Tesla Bot Explained: Do You Need a Household Robot?

Tesla Bot

Elon Musk wowed us by unexpectedly announcing the Tesla Bot, a humanoid robot that does your grocery shopping and may actually be for sale to the public eventually. We have robots already, but a humanoid one may have its niche.

What Is Tesla Bot?

Tesla Bot Specifications

Mr. Musk rolled out the Tesla Bot announcement at the Tesla AI Day event on August 19, 2021, using a human model wearing an outfit to resemble what Tesla Bot will look like. The details are, understandably, vague since this is a prototype the company is working on. However, Musk did say that it was a bipedal humanoid robot standing five feet and eight inches tall, weighing 125 pounds.

Tesla Bot has a screen for a face (think Daft Punk) and hands designed to be the equivalent of the average human’s. Tesla Bot is designed so that a human can outrun it and overpower it if necessary. That may sound like a strange thing to include when announcing a robot, but Musk has been famously skittish about artificial intelligence, so in that context, it makes sense.


Tesla Bot is meant to handle dangerous, boring, and repetitive tasks as a drop-in replacement for humans. Although it’s unclear just how well Tesla Bot will deal with such a job, what variety of tasks and contexts it will handle, and how much human assistance it will need.


The brain of Tesla Bot is the same custom machine-learning hardware and software you’ll find in the latest Tesla cars. Musk himself noted that Tesla cars are essentially autonomous robots on wheels, so branching out to other types of robots makes sense.

Why a Humanoid Robot?

There are essentially two justifications for a human-shaped robot. First, the world as it exists today is filled with equipment and spaces designed for human-shaped users. That’s us, in case you were wondering. Creating a robot that can slot into those parts of the world makes a lot of sense, especially in a household environment. Of course, your robot doesn’t have to be exactly human-shaped to take advantage of a world made for humans; it just needs to be in the same ballpark.

The second reason to make a robot humanoid has everything to do with us. Robots that have to interact with humans can benefit from being shaped like us. It may make communication better and make it easier to work side-by-side with us.

Our Homes are Already Automated

iRobot Roomba 694 Robot Vacuum

It happened sneakily, but there’s already quite a lot of automation that’s infiltrated our homes. We’ve got smart appliances stuffed into every corner. Fridges, dishwashers, televisions, thermostats, security cameras, and many more common tech items are hooked into the net and use advanced artificial intelligence to work.

Smart speakers, such as those from Google, Apple, and Amazon, already let us simply as for things and have them happen as if by magic. If you add all of these different forms of automation, don’t they add up to more than the sum of what a humanoid robot could do in the home?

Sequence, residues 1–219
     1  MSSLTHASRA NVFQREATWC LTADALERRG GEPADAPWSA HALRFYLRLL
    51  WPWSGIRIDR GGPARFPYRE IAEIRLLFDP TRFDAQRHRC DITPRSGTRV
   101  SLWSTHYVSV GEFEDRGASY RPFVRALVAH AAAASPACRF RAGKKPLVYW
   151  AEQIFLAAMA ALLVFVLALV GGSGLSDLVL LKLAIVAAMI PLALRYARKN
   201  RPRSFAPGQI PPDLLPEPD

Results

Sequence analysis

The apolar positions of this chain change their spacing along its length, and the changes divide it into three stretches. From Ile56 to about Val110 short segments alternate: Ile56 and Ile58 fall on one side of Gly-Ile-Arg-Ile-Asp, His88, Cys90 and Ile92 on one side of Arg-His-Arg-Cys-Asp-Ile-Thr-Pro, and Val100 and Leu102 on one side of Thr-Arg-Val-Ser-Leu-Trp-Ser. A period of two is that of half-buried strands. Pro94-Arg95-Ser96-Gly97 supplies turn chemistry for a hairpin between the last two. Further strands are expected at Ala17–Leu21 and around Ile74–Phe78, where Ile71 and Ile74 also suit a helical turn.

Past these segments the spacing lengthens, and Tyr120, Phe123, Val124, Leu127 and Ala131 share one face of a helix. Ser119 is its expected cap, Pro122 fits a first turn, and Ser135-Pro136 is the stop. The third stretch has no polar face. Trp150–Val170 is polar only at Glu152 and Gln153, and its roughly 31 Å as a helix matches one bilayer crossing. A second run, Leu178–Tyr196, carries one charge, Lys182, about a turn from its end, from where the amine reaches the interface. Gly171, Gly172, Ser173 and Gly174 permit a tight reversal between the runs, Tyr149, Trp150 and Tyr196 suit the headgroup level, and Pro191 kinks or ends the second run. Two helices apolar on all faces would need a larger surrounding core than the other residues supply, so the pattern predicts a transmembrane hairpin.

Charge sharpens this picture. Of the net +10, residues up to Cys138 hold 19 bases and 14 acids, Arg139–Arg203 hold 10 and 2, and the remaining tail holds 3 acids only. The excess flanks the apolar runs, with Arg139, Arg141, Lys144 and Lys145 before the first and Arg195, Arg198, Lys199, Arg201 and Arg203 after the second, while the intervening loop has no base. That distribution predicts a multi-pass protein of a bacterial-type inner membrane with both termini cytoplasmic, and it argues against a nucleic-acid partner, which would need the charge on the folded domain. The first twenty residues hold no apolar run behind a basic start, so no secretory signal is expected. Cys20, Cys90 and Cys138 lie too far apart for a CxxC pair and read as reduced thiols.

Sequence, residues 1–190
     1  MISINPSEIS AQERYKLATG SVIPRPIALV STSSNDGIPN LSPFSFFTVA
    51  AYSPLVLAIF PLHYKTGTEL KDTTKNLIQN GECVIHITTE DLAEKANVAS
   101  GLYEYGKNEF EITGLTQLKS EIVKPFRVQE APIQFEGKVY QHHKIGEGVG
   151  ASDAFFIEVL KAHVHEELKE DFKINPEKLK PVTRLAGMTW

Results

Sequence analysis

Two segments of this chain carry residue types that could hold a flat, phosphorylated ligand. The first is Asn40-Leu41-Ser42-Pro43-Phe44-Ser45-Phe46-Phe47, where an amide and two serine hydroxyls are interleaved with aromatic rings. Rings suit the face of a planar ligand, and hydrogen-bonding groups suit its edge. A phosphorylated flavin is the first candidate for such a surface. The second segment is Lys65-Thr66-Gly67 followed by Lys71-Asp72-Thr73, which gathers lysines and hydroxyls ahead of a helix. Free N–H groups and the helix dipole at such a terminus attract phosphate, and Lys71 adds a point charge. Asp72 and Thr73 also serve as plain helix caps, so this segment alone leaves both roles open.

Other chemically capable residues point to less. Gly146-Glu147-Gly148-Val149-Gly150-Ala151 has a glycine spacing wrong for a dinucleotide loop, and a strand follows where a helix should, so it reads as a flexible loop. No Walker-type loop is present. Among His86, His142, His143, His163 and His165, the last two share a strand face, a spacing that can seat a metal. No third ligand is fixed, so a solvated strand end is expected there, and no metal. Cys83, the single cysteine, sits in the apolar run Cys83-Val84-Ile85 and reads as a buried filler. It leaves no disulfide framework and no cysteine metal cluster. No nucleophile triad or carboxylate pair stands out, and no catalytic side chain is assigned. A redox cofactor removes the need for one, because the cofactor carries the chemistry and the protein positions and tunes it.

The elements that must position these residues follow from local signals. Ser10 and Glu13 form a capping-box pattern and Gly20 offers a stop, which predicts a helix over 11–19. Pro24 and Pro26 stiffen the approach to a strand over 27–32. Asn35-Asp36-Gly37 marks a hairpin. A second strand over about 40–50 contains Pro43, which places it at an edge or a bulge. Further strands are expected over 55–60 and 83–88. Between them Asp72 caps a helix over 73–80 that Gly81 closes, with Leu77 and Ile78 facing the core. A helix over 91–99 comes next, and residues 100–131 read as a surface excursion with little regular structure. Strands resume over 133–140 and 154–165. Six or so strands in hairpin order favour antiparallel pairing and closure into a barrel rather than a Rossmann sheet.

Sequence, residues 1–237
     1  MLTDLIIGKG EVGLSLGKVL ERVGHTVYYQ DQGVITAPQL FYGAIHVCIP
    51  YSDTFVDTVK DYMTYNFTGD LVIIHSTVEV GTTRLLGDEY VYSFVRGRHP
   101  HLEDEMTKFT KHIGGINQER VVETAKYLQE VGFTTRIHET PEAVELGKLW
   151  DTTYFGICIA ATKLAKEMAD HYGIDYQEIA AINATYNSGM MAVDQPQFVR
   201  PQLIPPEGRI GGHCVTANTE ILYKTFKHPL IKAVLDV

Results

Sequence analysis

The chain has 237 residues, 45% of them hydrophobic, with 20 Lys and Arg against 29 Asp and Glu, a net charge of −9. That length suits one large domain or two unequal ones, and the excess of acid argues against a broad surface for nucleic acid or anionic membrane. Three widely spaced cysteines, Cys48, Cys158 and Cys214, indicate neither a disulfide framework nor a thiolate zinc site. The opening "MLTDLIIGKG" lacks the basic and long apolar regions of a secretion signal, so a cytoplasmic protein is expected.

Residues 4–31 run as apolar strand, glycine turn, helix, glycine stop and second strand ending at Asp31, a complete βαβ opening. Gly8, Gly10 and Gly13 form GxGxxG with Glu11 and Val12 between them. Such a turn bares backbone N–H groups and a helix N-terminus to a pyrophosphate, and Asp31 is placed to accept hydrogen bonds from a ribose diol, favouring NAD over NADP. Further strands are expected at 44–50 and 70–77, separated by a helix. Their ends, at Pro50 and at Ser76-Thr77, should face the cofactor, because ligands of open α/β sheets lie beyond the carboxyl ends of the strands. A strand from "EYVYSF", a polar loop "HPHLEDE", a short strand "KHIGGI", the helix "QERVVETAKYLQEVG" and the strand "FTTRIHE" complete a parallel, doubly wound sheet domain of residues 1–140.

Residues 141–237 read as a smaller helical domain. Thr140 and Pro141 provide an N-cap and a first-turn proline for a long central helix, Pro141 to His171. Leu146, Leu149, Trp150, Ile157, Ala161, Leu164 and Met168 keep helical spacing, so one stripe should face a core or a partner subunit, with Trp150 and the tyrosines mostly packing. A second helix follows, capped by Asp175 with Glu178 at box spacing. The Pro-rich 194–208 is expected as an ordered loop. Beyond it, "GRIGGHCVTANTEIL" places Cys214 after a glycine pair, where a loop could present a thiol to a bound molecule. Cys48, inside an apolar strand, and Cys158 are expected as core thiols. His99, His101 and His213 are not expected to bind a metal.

A bipedal humanoid robot is, for most people, not a necessity. We have a wide array of affordable automation solutions to choose from, and the small amount of work left to us isn’t exactly a hardship.

That said, while we don’t think that a humanoid robot is as essential as a robotic vacuum cleaner or a smart thermostat, there’s definitely still a gap to be filled by something like Tesla Bot.

Tesla Bot’s Place in Our Homes

Right now, we don’t know what the exact capabilities of a platform like Tesla Bot will be at launch or how it will grow over time. However, assuming that it (and other robots like it) will eventually do the general “boring tasks,” as Musk puts it, where would these devices slot into current and future homes?

Think about your dishwasher, it’s an automated system for cleaning your dishes, but it still requires a human to load it and then unload and pack the dishes when it’s done. What about cooking? We’ve seen some impressive specialized kitchen robots over the years, but they can only do one narrow set of jobs no matter how well they work.

Tesla uses data from its fleet of cars to help the self-driving software learn and improve. This has been an effective strategy, and it seems the same approach will help Tesla Bot. If all Tesla Bots are learning as a collective, the repertoire of tasks the machine will eventually do could be immense.

There are also plenty of mechanical tasks that still require a human touch. If a Tesla Bot could be taught to wash windows, scrub a bath, or dust the ceiling corners of a room, there’s likely to be jubilation in the streets. You could build robots specialized in doing these jobs efficiently, but the nature of these tasks doesn’t make it economical.

Tesla Bot’s Place in Our Hearts

One place where a humanoid robot like Tesla Bot can outdo nearly all other designs is making a human connection with its users. Humanoid robots as companions, caretakers, child-minders, and hospitality machines make a lot of sense. In countries with aging populations, such as Japan, in-home caretaker robots do the necessary work that young people are unavailable or unwilling to do.

Whether Tesla Bot in particular never comes to market, was only a joke, or fails to live up to the hype, machines just like it are inevitable, and at some point, you’re going to face to faceplate with your plastic pal who’s fun to be with.

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